Electronic records from man’s pacemaker help prosecutors win indictment for insurance fraud

Summary

Authorities doubted suspect’s alibi; e-records help their case

Newswire: Jan. 27, 2017.

Dateline: Middletown, Ohio.

Electronic records from a man’s pacemaker helped prosecutors indict him for arson and insurance fraud.

The case is going forward in Middletown, Ohio, after investigators doubted a key claim in the suspect’s alibi and figured his use of a pacemaker would disprove it.

Ross Compton, 59, told a 911 dispatcher that as his home burned, he was able to pack belongings in a suitcase and some bags, then break a window and throw them outside before lugging them to his car.

Police obtained a search warrant for the electronic records of Compton’s pacemaker, which included his heart rate, pacer demand and cardiac rhythms at the time of the fire. A cardiologist then reviewed the electronic records and concluded that it was “highly improbable” Compton could have accomplished what he told investigators, given his medical condition.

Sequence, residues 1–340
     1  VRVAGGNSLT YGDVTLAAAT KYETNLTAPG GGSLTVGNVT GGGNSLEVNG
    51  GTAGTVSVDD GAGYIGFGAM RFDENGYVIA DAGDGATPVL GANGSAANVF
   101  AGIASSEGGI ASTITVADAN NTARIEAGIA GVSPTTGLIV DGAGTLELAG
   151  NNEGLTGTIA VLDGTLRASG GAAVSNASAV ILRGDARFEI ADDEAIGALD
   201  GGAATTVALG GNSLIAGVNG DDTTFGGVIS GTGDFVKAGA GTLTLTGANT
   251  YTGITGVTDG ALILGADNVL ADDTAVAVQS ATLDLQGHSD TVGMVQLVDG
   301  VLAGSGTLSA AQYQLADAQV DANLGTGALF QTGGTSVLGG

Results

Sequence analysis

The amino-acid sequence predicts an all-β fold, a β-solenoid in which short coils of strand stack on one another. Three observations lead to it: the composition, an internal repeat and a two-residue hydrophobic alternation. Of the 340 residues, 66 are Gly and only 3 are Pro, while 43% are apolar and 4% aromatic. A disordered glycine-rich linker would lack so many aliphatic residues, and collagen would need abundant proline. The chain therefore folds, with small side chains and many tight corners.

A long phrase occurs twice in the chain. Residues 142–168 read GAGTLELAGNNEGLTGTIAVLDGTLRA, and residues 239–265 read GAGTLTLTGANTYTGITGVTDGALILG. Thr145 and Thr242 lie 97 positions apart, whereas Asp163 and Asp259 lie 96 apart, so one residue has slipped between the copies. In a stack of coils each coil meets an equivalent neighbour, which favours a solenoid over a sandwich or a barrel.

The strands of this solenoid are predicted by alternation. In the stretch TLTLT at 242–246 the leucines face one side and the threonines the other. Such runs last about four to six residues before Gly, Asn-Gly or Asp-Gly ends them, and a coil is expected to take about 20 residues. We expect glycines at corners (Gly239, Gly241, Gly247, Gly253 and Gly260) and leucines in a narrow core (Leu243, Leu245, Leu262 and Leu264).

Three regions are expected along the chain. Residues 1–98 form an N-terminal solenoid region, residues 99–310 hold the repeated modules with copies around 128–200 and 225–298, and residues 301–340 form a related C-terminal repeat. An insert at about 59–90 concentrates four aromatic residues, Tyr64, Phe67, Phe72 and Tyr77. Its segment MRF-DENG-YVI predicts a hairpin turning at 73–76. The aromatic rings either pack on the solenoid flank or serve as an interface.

“It was one of the key pieces of evidence that allowed us to charge him,” Lt. Jimmy Cunningham told WLWT-TV of Cincinnati. Middletown is between Cincinnati and Dayton, Ohio.

The pacemaker records alone did not indict Compton. Police say they also found traces of gasoline on Compton’s shoes, pants and shirt, and fire investigators discovered “multiple points of origin” for the blaze from outside the home.

Compton has been indicted on felony charges of aggravated arson and insurance fraud. The Sept. 19 fire that destroyed his 2,000-square foot home caused $400,000 in damage.

Read the full story here.

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